An outlandish billboard depicting President Donald Trump surrounded by a nuclear blast and money signs resembling swastikas was funded with taxpayer dollars, Judicial Watch alleged Thursday.
The billboard, erected in downtown Phoenix on March 17, also features a pin of a Russian flag on the president’s lapel. And if you look closely, the mushroom clouds look like clown faces. The work was commissioned by “arts advocate” Beatrice Moore, a longtime patron of the arts, and created by Los Angeles-based artist Karen Fiorito.
Fiorito told azfamily.com back in March that she chose the offensive symbolism to reflect “power, money, and dictatorship.”
When neighbor Jeff Whiteman first saw the Nazi Trump image staring “right back at him through his kitchen window,” he was appalled. “It’s pretty drastic. I thought swastikas were very crude and violent,” he said.
But Fiorito was unapologetic. “There are people who say, ‘Well, it’s offensive,’ but the current administration, its policies, the people that are put in power are offensive to me,” she said.
“I worked with Karen Fiorito over 10 years ago, and she created the anti-Bush W billboard for this site then,” Moore posted on her Facebook page on March 17. “Deciding we needed an anti-Trump billboard, I contacted Karen and hired her to design the current signage for the billboard, which we had printed and installed.”
Moore is managing director of both the Grand Avenue Festival and Grand Avenue Arts & Preservation, and has vowed to leave the billboard up for the entire length of Trump’s presidency.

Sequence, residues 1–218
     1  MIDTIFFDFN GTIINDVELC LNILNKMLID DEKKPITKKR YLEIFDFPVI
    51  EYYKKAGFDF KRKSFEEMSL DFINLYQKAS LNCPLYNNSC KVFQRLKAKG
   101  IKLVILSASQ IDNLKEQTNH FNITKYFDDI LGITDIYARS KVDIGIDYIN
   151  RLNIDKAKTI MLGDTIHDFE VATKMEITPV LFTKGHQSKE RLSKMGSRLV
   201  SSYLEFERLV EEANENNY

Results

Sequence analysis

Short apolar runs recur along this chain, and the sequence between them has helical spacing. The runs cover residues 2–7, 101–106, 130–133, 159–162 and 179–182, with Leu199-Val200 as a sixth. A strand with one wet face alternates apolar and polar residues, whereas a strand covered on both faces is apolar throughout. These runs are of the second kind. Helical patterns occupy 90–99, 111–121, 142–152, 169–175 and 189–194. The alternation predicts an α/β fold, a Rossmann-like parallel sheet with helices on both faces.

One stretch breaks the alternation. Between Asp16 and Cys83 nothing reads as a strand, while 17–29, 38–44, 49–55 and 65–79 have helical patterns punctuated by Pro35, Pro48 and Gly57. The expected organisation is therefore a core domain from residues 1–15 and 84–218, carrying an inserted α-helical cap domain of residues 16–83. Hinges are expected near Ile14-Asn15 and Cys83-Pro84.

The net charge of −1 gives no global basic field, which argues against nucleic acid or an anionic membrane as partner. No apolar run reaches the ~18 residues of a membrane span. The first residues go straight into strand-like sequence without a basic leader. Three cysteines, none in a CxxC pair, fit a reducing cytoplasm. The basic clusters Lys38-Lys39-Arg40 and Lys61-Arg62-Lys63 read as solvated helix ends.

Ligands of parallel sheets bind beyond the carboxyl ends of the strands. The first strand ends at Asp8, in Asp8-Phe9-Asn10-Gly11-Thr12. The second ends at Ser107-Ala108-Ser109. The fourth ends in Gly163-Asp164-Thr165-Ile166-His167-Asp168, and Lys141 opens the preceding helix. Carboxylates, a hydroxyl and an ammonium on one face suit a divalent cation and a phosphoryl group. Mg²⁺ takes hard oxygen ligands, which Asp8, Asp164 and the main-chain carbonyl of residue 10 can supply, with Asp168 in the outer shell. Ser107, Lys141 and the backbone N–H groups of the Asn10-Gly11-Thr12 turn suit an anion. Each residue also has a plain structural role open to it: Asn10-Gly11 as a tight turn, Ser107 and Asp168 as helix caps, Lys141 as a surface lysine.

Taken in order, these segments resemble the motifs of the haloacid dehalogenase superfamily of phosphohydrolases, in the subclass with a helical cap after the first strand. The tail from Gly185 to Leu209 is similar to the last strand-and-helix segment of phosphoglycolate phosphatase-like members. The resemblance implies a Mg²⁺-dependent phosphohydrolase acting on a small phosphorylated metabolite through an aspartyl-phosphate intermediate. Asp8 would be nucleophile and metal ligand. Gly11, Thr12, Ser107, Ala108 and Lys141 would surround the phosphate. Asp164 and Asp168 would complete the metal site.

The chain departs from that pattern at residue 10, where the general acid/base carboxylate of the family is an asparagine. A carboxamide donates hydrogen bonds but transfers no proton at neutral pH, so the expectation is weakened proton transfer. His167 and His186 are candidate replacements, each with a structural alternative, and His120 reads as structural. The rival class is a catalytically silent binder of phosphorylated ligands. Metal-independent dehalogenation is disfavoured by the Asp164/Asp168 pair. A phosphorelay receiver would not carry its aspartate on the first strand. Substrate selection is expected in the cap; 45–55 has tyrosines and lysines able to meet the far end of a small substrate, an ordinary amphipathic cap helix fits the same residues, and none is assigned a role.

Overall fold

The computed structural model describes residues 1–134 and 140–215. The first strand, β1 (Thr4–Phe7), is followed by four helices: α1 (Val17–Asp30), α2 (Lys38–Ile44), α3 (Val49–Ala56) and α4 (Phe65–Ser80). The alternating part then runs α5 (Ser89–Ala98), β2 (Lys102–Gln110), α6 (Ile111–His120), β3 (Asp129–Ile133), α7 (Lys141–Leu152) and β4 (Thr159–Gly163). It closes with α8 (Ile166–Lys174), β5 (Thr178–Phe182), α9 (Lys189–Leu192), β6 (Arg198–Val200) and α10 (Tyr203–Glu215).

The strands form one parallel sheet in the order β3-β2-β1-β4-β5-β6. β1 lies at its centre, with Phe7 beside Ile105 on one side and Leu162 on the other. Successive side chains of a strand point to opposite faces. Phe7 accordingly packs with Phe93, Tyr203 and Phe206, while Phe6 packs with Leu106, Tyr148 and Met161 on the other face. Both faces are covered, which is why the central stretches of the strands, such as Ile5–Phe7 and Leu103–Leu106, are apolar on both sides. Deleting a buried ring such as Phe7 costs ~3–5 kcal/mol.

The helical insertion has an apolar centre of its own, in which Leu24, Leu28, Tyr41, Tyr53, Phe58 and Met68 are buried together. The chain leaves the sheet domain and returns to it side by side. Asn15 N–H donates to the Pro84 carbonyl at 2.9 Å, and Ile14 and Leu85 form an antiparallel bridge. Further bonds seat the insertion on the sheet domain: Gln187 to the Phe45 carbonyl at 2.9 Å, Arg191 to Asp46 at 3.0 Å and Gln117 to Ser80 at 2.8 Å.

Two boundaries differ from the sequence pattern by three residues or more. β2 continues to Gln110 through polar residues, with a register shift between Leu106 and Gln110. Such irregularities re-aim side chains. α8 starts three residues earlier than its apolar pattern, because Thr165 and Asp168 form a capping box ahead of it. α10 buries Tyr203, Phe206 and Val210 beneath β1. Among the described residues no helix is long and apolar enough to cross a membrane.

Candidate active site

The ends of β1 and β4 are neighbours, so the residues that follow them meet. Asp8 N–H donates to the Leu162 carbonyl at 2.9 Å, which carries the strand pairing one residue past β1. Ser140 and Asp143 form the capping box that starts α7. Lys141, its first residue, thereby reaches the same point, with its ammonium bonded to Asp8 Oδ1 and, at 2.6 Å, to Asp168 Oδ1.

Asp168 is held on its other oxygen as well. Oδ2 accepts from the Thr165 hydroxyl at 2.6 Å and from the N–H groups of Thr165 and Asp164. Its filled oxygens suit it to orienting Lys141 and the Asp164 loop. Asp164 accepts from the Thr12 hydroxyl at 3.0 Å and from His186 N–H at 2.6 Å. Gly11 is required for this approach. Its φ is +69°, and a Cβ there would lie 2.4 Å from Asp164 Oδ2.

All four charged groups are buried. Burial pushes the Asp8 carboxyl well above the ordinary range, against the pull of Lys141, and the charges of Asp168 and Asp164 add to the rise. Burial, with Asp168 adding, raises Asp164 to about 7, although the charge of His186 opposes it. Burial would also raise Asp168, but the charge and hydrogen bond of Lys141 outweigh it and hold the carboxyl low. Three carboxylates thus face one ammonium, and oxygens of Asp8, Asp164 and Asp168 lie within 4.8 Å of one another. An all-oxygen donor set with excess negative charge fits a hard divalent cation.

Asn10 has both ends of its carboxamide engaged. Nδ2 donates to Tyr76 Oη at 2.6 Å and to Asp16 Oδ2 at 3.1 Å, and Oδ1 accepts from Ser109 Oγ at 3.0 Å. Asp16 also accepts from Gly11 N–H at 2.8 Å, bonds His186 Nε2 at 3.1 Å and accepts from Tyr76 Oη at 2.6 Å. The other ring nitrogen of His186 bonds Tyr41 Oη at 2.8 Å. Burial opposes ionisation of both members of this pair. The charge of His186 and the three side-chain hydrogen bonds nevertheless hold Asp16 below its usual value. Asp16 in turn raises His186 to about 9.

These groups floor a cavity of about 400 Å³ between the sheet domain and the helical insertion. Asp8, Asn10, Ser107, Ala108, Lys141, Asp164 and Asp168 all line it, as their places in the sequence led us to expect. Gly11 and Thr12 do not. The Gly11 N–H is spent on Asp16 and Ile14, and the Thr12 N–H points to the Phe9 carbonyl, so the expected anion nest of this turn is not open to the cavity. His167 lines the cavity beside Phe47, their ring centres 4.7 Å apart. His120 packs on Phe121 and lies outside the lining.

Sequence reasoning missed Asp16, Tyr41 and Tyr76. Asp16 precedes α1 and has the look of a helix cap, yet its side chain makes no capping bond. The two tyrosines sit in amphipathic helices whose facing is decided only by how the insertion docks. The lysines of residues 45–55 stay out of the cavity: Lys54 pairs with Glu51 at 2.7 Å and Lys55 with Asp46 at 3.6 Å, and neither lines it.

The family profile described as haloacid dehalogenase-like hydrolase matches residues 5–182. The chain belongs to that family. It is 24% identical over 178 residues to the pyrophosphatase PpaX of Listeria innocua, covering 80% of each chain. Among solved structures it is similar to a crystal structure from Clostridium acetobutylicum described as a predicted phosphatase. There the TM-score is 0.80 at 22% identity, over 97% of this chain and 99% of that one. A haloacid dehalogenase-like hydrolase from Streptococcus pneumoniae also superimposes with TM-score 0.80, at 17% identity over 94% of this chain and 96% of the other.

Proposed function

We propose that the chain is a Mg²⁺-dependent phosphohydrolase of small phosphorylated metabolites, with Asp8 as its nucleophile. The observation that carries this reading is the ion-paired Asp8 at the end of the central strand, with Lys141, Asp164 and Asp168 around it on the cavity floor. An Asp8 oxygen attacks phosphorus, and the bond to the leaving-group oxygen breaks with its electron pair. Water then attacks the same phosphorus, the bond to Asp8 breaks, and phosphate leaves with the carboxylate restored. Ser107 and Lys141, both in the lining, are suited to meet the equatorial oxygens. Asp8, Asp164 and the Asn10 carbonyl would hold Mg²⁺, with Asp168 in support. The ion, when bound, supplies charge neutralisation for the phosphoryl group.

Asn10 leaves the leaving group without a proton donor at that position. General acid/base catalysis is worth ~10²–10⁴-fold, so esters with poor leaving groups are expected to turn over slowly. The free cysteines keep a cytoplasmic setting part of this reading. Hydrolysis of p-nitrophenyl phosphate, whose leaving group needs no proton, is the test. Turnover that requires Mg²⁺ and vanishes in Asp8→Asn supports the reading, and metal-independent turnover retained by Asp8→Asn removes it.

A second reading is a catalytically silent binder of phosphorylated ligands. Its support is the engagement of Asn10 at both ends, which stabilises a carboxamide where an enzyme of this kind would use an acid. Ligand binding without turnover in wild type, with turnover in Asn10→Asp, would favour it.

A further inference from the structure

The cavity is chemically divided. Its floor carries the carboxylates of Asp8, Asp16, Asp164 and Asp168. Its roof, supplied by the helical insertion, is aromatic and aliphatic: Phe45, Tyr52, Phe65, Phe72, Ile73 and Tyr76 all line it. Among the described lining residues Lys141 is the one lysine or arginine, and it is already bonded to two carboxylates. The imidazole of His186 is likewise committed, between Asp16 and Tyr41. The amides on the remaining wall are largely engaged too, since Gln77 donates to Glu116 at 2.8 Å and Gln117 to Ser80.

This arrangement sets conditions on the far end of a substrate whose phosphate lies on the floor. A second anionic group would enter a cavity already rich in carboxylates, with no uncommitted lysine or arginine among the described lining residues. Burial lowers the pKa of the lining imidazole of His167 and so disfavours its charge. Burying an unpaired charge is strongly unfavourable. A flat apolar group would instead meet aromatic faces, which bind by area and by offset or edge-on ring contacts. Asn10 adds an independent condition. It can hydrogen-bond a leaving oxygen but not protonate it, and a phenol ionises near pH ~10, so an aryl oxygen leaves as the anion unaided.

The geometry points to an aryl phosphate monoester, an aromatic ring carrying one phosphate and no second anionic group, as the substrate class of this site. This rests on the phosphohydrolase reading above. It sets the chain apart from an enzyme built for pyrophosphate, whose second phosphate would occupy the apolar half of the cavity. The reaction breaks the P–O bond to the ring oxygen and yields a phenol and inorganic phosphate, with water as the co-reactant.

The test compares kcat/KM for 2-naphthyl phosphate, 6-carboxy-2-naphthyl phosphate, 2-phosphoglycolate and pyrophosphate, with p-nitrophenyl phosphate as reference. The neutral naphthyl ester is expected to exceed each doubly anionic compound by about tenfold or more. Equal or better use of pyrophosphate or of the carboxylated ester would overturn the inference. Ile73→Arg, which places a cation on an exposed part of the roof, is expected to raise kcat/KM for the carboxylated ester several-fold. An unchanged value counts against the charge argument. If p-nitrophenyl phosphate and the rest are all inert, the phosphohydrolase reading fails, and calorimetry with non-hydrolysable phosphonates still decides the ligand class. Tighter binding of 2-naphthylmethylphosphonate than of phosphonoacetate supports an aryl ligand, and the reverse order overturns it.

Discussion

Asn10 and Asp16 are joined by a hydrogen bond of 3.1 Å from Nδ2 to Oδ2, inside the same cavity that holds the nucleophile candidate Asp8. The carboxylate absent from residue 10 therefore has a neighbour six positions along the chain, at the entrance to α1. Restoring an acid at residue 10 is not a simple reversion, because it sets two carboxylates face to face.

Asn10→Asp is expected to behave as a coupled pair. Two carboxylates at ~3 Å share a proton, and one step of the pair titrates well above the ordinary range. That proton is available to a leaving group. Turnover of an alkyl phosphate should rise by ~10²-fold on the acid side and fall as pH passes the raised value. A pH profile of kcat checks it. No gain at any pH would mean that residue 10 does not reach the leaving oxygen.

The billboard created quite a stir when it was fist put up:
Judicial Watch filed a public records request with the city of Phoenix shortly after the billboard was erected to obtain details related to public monies connected to organizations and organizers behind the sign. The watchdog group discovered that Moore receives thousands of taxpayer dollars to fund her art projects.
This week Judicial Watch received the documents that show the city of Phoenix has awarded Moore, the Trump Nazi billboard owner and a prominent figure in the local art community, thousands of dollars in grants for a program she runs called Grand Avenue Arts & Preservation (GAP), which encompasses the Art Detour event where the Nazi billboard made its debut.
The publicly funded annual art celebration is touted as having “a diverse slate of activities created by local artists and art venues to celebrate the growing, vibrant Phoenix arts scene” and is described as “…one of the most important events in Phoenix’s calendar” by Phoenix Mayor Greg Stanton.
The event is produced by a group called Artlink, which was founded by Moore, in partnership with the city of Phoenix. Former Phoenix Deputy City Manager Rick Naimark, who retired in 2015 with a hefty pension, sits on the board of Artlink.
Moore and her various publicly-funded art enterprises received $3,500 from the city of Phoenix in July 2016, the records obtained by Judicial Watch show, which encompasses the March 2017 Art Detour event that kicked off with the Trump Nazi billboard.
In August 2016 Artlink, founded by Moore, was awarded $1,800 for the 2017 Art Detour event, according to the records. Moore, who contracted Fiorito to create the anti-Trump billboard, is recognized by the city as an “artist, community organizer and arts advocate” and the annual festival she puts together with public money aims to “diminish barriers,” the records say. Funds come from “government grant monies,” including the Arizona Commission on the Arts, and the money is used for “artists’ fees.”
The objectionable Trump billboard, which involves taxpayer money, doesn’t appear to promote a “growing, vibrant” art scene in the City of Phoenix and seems to fall short of Moore’s stated goal of “diminishing barriers” through art.
Moore told azfamily.com back in March that owning the billboard “gives us more freedom to host controversial projects on it.”
A number of anti-Obama billboards also popped up around the country during the Obama years, but those were privately funded.